The Nervous Anxiety of Change

The Nervous Anxiety of Change

By: Susan Naslund

My dad was a petroleum engineer who worked for one large oil company during his entire career. He was an effective supervisor and successful manager of production in the oil-rich regions of California. We always lived with the anxiety that my dad could be transferred to a different office where his gifts would be used to improve the performance at another site. That meant our family would have to pack up and move . . . again. I can remember crying each time my dad came home with the announcement of the “good news” that we were relocating. It was always traumatic and it never got easier. As a child, I attended four elementary schools, tried hard to fit in at each one, and always felt I was forced to leave just as things were starting to get good. My dad’s efforts to soften the blow with promises of a room of my own at the new house, or a puppy at the next God-forsaken town, were only somewhat comforting. I was always certain the change would be bad and that things could not possibly be better in the future.

As we get ready to say “goodbye” to Pastor Eric Smith and “hello” to Pastor Greg Batson, I am reminded of those nervous fears of change I experienced in my childhood. It is a similar anxiety I am feeling. Yes, we have gone through the transition of clergy at Foothills before -- many times, in fact. But, it is always traumatic, and it doesn’t get any easier. Even in eras when many in the congregation welcomed the change in leadership, there was painful upheaval. And this time, the hurt is especially intense for those who thought they were just beginning to “fit in” with Pastor Eric before he was appointed elsewhere. Promises of a new “spirit-filled leader and preacher” are encouraging, but not completely healing right now.

It might help to refresh our knowledge about the itinerant system in the United Methodist Church. The Book of Discipline is the “instrument for setting forth the laws, plan, polity and process by which the United Methodists govern themselves.” As stated in Paragraph 338, “The itinerant system is the method of the United Methodist Church by which ordained elders, provisional elders and associate members are appointed by the bishop to fields of labor. All ordained elders, provisional elders, and associate members shall accept and abide by these appointments.” In other words, our pastors agree at the time they are ordained that they may be transferred from one assignment to another at any time in their careers. The reality of a move might be surprising at times, but never entirely unexpected. The good news is that we can have confidence that the bishop and cabinet have the best interest of all the churches in the Conference as they consider clergy appointments. I trust that our bishop moves our pastors to fields of labor where their gifts will be best used to further God’s kingdom.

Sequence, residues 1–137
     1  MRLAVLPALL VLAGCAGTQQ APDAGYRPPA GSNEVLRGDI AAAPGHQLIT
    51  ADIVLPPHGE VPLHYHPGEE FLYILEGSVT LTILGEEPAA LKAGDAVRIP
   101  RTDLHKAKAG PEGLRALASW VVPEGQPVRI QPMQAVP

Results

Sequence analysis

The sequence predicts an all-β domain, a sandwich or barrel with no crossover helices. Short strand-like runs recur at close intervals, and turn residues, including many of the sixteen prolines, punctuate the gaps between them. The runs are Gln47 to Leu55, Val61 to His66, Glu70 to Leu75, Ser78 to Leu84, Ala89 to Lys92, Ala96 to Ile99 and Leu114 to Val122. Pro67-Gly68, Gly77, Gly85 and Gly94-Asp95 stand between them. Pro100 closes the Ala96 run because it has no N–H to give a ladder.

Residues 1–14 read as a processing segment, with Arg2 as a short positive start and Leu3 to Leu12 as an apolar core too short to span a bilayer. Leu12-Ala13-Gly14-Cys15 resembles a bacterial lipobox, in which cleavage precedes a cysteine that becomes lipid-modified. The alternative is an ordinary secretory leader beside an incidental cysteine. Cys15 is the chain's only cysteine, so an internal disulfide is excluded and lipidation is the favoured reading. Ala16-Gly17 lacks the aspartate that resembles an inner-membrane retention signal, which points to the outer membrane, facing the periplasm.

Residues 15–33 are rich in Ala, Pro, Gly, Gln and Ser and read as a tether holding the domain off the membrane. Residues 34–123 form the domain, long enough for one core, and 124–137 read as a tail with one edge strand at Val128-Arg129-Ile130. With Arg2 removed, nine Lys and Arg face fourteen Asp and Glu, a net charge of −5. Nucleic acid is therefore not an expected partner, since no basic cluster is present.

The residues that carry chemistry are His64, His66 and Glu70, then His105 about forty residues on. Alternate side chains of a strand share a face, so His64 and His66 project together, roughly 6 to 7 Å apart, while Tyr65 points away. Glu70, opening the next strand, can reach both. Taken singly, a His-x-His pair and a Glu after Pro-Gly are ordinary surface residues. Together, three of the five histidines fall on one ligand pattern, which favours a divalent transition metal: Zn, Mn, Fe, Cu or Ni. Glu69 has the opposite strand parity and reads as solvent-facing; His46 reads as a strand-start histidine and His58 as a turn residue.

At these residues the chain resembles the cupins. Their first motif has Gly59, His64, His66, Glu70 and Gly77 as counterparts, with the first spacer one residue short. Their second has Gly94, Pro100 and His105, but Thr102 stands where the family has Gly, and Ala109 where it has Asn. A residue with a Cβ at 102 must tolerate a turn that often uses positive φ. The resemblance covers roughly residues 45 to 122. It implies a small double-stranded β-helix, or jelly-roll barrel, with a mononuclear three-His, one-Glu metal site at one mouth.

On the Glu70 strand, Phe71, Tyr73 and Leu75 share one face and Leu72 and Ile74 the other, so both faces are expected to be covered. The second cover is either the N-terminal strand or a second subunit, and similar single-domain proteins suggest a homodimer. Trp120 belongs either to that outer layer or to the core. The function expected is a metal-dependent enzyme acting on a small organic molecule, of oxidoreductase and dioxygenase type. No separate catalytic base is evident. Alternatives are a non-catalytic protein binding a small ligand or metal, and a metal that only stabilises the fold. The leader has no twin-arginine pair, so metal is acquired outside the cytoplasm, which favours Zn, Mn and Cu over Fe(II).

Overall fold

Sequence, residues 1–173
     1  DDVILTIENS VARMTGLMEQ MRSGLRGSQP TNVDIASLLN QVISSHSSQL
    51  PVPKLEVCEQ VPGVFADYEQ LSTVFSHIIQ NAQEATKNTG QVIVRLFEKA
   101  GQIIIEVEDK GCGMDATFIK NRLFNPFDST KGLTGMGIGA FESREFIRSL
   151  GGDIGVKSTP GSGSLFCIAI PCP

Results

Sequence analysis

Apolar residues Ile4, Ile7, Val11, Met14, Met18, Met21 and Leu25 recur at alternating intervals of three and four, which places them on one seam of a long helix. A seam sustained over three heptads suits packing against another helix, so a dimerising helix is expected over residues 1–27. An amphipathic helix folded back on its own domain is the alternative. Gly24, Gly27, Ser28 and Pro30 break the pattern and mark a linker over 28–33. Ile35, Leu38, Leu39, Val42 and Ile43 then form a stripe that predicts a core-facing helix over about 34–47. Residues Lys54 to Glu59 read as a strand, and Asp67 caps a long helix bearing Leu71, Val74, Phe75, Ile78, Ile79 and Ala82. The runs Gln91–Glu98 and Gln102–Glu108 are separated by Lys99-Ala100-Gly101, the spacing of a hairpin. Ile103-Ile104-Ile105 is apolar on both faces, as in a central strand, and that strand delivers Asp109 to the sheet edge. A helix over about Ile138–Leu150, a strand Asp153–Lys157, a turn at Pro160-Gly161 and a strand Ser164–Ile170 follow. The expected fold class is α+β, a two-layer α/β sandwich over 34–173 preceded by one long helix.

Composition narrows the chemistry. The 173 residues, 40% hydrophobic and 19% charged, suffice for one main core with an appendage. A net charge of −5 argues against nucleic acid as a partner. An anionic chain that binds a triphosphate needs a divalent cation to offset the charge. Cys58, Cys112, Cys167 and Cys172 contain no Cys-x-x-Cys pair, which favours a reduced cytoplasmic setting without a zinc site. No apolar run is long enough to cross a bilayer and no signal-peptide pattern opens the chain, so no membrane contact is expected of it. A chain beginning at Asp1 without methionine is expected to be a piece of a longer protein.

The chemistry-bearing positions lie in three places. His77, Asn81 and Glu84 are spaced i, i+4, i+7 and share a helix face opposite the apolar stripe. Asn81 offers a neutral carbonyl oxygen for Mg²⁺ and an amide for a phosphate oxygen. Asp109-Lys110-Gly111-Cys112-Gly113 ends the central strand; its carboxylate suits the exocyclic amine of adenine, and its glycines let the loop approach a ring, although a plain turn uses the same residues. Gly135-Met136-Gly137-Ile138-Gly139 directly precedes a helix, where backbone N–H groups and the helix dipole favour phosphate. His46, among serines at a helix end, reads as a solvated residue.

When I was a child, I hated moving. Looking back, I can see that each relocation brought many wonderful things: new friends, different vistas, unforeseen opportunities. At the time, it was hard to believe that what was to come would be so enriching. At the time, I didn’t understand what I know now -- that change can be very good.

And, in the Episcopal Greetings in the introduction of the Book of Discipline the Council of Bishops wrote, “We do not see the Discipline as sacrosanct or infallible, but we do consider it a document suitable to our heritage and an expression of a future with hope.” It seems to me, the itinerant system is one of those structures that was put in place to be instrumental in creating a hopeful future – hope that a pastor’s gifts will be best matched to the setting in which he or she serves. That is good for all of us. While we will definitely miss Pastor Eric, we can be assured that his new congregation will be blessed by his presence. Likewise, I believe we will be blessed by the arrival of Pastor Greg. God will not forsake us. Our District Superintendent has promised an era of vibrant growth and an optimistic future at Foothills. A new puppy might help, too.

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